With the development and spread of the banking system, the work of allocating capital, which had previously been managed by private money lenders and individual capitalists, was taken over by banks that grew on substantial scales. Thus, banking system and credit mechanism became the strongest lever to push the capitalist production beyond its limits. With the utmost intensification and centralisation of capital in the age of imperialism, massive growth of banks and the domination of finance capital, the credit system gained central importance in the workings of capitalism. The need for loans grew incredibly as a result of the fact that capitalist production and trade made colossal progress not only within national borders but also on an international level.
Credit occupies a very significant role in the history of the development of capitalism. Marx points out that competition and the credit system, the two most powerful levers of centralisation, develop in line with the development of capitalist production and accumulation. Having furtively crept in as the humble assistant of accumulation in early stages, the credit system, with its invisible strings, now increasingly channels the sources of money, spread around the society in large or small amounts, into the hands of individual or associated capitalists. But, says Marx, “it soon becomes a new and terrible weapon in the battle of competition and is finally transformed into an enormous social mechanism for the centralisation of capitals.”
The imperialist stage of capitalism lays bare that the credit system is used in attempts to overcome the inevitable barriers that confront the capitalist market due to the conflict between overproduction and the limited purchasing power of the masses. But, credit has by no means eliminated the source of capitalist crises. On the contrary, the attempts to postpone or alleviate crises by such means have prepared the grounds for greater ones.
Credit system enables larger investments which increase the organic composition of capital, and consequently, reduce the rate of profit. Marx points out that as the capitalists are compelled to utilize enormous means of production on larger scales and to set in motion all the mainsprings of credit to this end, there occurs an increase in industrial quakes. Since the expansion of markets falls behind the enormous growth in production. At this point it becomes necessary to avoid some misunderstandings. Market question does not, as once falsely alleged by Narodniks, arise from the shrinkage of market as a result of capitalist development. As pointed out by Lenin during his struggle against such misconceptions of Narodniks, capitalist development, in fact, expands the market. But, this expansion always lags behind the colossal growth of the productive forces.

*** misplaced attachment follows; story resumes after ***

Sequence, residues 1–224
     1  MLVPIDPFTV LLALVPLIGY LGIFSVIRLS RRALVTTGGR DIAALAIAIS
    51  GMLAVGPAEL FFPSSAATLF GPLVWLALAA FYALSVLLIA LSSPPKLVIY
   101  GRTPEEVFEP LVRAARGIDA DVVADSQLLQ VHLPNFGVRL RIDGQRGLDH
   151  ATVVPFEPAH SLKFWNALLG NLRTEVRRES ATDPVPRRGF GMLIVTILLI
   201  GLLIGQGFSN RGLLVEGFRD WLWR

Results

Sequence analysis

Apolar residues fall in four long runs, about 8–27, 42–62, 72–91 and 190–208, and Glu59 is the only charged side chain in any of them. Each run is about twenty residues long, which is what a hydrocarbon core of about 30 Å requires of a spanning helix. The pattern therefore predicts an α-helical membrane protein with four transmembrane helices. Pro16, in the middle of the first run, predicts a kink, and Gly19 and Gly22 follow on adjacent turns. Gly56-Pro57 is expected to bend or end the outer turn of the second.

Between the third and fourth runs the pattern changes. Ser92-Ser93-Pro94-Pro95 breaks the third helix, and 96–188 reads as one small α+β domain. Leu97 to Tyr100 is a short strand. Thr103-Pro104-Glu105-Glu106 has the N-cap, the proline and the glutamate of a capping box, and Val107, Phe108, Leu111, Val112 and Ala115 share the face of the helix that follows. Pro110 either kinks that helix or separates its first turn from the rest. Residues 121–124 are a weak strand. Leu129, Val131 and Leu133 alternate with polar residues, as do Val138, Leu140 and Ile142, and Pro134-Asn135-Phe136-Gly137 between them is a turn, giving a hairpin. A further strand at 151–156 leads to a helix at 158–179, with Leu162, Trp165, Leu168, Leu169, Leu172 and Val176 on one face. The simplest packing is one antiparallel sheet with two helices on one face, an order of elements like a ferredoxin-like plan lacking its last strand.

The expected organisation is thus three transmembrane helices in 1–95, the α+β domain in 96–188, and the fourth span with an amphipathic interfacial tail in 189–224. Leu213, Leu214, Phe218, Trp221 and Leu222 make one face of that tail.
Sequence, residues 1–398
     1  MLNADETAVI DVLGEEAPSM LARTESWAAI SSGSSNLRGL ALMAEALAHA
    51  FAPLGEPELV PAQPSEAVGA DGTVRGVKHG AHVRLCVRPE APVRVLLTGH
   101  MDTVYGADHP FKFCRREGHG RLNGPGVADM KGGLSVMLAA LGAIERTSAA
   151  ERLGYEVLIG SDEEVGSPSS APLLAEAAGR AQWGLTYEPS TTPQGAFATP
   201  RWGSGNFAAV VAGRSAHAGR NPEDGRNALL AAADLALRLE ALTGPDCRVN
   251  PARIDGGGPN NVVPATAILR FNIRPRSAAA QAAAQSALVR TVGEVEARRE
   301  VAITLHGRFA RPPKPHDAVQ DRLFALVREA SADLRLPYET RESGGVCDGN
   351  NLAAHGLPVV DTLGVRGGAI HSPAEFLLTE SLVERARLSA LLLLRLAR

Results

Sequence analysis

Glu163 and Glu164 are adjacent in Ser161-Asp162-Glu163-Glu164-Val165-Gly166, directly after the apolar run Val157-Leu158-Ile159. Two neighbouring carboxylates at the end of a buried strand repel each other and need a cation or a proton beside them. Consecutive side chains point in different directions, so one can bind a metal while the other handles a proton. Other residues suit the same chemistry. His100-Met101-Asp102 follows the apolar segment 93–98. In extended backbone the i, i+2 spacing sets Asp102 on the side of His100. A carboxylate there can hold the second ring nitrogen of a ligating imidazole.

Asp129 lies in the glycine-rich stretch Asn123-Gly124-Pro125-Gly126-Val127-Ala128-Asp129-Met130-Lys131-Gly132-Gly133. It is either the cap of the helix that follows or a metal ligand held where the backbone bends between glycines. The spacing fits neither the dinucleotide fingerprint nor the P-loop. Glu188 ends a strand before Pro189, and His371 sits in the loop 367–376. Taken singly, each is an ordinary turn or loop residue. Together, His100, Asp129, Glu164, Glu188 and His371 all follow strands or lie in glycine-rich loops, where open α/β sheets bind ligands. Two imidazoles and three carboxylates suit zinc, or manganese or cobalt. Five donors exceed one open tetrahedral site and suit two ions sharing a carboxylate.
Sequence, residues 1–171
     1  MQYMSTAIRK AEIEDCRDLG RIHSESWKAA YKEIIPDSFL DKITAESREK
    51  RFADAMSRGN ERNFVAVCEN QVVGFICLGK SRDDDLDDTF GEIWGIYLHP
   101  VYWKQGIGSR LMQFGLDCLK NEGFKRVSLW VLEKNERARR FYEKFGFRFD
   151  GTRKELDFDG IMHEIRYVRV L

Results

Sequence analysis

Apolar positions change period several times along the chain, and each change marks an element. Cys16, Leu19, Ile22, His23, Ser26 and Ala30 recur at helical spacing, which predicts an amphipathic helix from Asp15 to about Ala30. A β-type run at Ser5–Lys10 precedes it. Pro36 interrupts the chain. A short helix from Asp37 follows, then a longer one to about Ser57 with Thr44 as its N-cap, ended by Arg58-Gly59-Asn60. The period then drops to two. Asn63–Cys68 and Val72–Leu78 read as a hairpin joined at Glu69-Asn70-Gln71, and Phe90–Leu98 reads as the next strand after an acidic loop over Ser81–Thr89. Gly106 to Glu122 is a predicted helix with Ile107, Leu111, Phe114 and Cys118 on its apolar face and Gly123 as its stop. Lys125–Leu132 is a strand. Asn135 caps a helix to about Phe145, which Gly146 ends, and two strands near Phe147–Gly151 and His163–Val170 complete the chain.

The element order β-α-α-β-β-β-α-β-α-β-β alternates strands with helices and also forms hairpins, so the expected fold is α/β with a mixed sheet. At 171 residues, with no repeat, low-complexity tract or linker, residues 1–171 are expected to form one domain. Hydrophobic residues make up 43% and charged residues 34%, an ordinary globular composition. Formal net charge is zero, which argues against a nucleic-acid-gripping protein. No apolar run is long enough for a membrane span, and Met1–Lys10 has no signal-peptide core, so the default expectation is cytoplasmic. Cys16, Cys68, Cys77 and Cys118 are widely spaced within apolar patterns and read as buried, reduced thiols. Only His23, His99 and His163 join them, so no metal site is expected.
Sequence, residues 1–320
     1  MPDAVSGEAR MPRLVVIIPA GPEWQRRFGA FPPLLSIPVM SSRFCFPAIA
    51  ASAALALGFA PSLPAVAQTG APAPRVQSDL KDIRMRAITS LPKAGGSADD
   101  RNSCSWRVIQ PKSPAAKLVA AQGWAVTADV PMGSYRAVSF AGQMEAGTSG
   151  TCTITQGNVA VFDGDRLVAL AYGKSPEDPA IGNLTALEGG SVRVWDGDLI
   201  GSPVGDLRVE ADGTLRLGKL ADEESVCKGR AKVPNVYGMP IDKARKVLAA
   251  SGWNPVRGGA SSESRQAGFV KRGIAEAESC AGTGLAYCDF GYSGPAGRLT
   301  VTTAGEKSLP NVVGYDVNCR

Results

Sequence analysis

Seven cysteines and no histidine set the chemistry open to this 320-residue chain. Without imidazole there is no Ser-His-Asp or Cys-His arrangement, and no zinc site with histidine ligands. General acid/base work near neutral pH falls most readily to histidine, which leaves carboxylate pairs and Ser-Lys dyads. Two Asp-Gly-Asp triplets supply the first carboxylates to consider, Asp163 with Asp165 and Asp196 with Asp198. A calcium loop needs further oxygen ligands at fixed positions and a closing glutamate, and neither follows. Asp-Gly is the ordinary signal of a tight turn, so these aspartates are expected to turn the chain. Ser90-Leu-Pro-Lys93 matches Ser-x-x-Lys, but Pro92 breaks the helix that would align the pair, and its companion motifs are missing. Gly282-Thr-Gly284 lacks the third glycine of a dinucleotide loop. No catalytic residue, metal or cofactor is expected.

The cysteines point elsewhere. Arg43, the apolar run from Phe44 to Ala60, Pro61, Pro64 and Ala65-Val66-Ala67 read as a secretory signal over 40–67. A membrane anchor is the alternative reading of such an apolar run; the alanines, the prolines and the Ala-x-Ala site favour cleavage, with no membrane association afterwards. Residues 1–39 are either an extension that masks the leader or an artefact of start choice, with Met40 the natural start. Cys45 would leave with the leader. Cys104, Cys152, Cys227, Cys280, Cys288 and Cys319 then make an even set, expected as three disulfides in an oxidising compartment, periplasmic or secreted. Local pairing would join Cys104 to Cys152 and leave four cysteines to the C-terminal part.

As production piles up along with capitalist development, there occurs an ever-growing need for larger markets. Hence, each depression leads the capitalist system to incorporate new markets which remains uncaptured or partially exploited. And therefore, as the capitalist system matures, relieving potentials become scarce. In the words of Marx, “the world market becomes more and more contracted, fewer and fewer markets remain available for exploitation”. Precisely because of this conflict, depressions become more frequent and severe. In the end, the maturation of the world capitalist system is accompanied by imperialist wars that are provoked by imperialist powers for the purpose of creating new markets and re-dividing the existing ones.
Credit system serves as a catalyst in the capitalist reproduction process. Therefore, it aggravates the problem of overproduction and speculation. Marx explains that the credit system accelerates the material development of productive forces and creation of the world market. It is the very historical task of the capitalist mode of production to bring its material foundations to such a level of development. But at the same time, the credit mechanism accelerates the capitalist depressions and creates the elements of dissolution of the old mode of production. Hence, as if denying itself in one sense, it prepares the ground for the transition to a new mode of production. Marx explains the two characteristics immanent in the credit system in his following words: “The two characteristics immanent in the credit system are, on the one hand, to develop the incentive of capitalist production, enrichment through exploitation of the labour force of others, to the purest and most colossal forms of gambling and swindling, and to reduce more and more the number of the few who exploit the social wealth; on the other hand, to constitute the form of transition to a new form of production.”